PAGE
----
Every winter I watch in frustration and sadness as my poor lil' tractors have to endure the snow and cold. I've managed to adopt some out to kind, caring souls who will see that they have plenty of nutritious hydrocarbons to eat, and healthy exercise in all seasons.
Still, my CC 1862, Case 444, Dayton 3Z68, and good ol' Troybilt Horse were looking forward to another dreary winter. (The Bolens is too tough and proud to worry about any snow--plus I need it in the front clear the drive way when the city plow trucks leave a 2 foot berm across it).
I've been batting around ideas for a couple years now as to how best to house and shelter my lil' darlings.
I priced out putting up a shed on the back of the house or along the side of the garage, but felt my money was better spent on um.... new members of the family.
Then the idea hit me... I'd seen the canvas "garages" at Harbor Freight-why couldn't a person do the same, but use trampoline frames and canvas??? (See I do have a thought ever now and then)...
I didn't want no "blue" tarp, as they generally last about a year before they're in tatters and leaving little blue pieces throughout the yard...
I did some checking in our local online classifieds--much better than CL, BTW, and found people that sell billboard tarps... The old days of billboards made of paper glued up in sections is rapidly fading in the past... remember the old song "Smoke Coca Cola cigarettes, drink Wrigley's Spearmint beer, and Kennel Ration Dogfood keeps your wife's complexion clear...." (Now that's dating myself) Nowadays a billboard is made from a large printed canvas and stretched over a frame. When the canvas is taken down, it often is in usable shape, and quite large-- approx. 15' x 40'.
Many people here are starting to use them to cover haystacks, etc... The only stipulation is that any advertising on them has to be facing inward... no problem... Prices are reasonable, too-- $50 bought me a 15' x 40' white PVC billboard tarp with no holes--the ad is for a local consumer advocate......
So, I went about trying to collect some trampoline frames....
I'd thrown out a couple of frames over the years, so I put in an ad offering to remove old trampolines, and even pay a small amount ($20) for it. This was in September--winter was coming, and I figured a lot of people wouldn't want to keep their tramps over the winter... wrong... I didn't get one call.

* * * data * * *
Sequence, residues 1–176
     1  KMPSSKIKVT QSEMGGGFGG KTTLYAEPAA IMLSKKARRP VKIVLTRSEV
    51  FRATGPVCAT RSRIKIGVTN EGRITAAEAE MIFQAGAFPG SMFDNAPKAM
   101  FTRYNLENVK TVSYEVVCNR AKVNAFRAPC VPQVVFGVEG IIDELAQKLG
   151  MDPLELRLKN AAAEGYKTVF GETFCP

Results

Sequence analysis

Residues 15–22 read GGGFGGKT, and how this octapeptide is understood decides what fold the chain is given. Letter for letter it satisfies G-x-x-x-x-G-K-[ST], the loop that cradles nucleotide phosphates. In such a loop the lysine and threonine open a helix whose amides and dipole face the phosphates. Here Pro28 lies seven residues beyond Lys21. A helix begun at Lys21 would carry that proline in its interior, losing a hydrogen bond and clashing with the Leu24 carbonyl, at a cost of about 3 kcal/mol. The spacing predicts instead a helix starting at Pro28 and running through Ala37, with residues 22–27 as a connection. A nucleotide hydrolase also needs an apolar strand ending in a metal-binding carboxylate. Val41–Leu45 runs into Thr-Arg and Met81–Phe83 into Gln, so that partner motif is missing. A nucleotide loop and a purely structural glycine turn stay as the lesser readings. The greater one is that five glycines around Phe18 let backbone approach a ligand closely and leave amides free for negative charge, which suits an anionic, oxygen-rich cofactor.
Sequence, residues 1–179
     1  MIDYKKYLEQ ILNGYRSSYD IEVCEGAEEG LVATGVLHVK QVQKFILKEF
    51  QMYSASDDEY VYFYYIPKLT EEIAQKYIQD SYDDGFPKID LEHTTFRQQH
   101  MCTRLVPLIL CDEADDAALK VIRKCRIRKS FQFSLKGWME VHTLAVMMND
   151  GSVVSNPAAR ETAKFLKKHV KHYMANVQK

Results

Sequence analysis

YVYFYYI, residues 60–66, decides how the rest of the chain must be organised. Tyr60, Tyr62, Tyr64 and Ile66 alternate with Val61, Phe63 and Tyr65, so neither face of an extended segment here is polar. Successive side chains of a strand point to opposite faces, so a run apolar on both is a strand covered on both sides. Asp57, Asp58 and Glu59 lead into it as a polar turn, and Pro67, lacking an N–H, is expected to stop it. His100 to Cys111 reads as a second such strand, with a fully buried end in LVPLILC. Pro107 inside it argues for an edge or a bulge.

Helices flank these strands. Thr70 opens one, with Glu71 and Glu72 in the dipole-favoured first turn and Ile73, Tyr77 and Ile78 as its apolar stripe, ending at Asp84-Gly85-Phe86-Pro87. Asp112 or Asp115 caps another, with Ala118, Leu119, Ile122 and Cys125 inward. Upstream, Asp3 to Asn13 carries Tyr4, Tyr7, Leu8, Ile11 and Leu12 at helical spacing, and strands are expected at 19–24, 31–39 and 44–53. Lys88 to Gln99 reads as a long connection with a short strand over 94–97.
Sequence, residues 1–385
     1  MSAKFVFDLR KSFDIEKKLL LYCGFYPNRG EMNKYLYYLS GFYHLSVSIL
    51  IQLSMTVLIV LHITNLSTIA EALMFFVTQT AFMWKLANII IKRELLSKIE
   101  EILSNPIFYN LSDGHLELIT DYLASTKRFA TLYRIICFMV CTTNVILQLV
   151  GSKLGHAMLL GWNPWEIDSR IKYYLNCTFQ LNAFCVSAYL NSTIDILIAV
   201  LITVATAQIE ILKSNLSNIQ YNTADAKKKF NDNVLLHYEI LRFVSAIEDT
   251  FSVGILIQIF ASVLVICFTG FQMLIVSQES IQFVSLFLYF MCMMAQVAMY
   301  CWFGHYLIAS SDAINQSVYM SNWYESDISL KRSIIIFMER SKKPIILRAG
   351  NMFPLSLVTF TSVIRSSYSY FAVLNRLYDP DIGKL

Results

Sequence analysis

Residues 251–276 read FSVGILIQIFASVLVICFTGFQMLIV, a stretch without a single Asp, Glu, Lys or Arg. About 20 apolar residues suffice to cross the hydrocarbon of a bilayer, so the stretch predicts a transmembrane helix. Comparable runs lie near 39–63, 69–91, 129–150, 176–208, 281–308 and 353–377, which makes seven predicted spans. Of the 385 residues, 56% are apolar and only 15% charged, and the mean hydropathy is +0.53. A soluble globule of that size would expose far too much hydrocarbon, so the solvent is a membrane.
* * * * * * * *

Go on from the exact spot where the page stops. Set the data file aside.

So I started looking for tramps for sale. I decided to look for 14' models as this would give me a shed 14' wide, and, 9+feet tall if I used some of the legs for the sides.
Within a week I had rounded up 4 of them with a total expenditure of $150... not too bad. I stacked them alongside the house to wait for a time when I could get too it... our garden had come in, and we spent a couple weekends digging potatoes and picking squash, and putting up shelving in our "cool room" downstairs to hold our harvest.
I finally started to lay out the shed 3 weeks ago.
I first put the frames together to get an idea of where the leg sockets were as I wanted to use them to hold the ridge pole, and some on the side for rigidity.
I had originally planned to put up 8 half hoops at approximately 2 foot intervals, but found this to be overkill after researching other similar structures... those made with plastic often have 5 feet between the hoops. I settled on 50 inches as this is the distance that resulted when using the legs as stringers. I also planned to have the half frames face each other with the hope (in vain in one case) that the leg sockets would line up between the frames. It worked okay on the square socket frames, but not the round ones.
I learned a several of major lessons at this point.
1. Tramp frames with square sockets are easier to work with than those with just round swaged pipe ends. The round sockets allow the frame to twist every which way but loose--making it very hard to assemble them and have a reasonably straight line.
2. Check out the distances between legs on the different tramp frames--this makes it easier to line up the leg sockets from different frames when putting stringers between them.
3. A 14 foot tramp is a relative dimension--on some, it is the OD of the assembled frame... on others it's the diameter of the mat. When I set up the two frames I wanted to use, one of them was a foot higher than the other... Oooops! Fortunately I had a frame that did match the diameter, though it had round leg sockets.
4. You need some means of holding the sections together... I settled on self--tapping screws about 1" long. They easily went through the walls of the tramp tubing and snugged down good.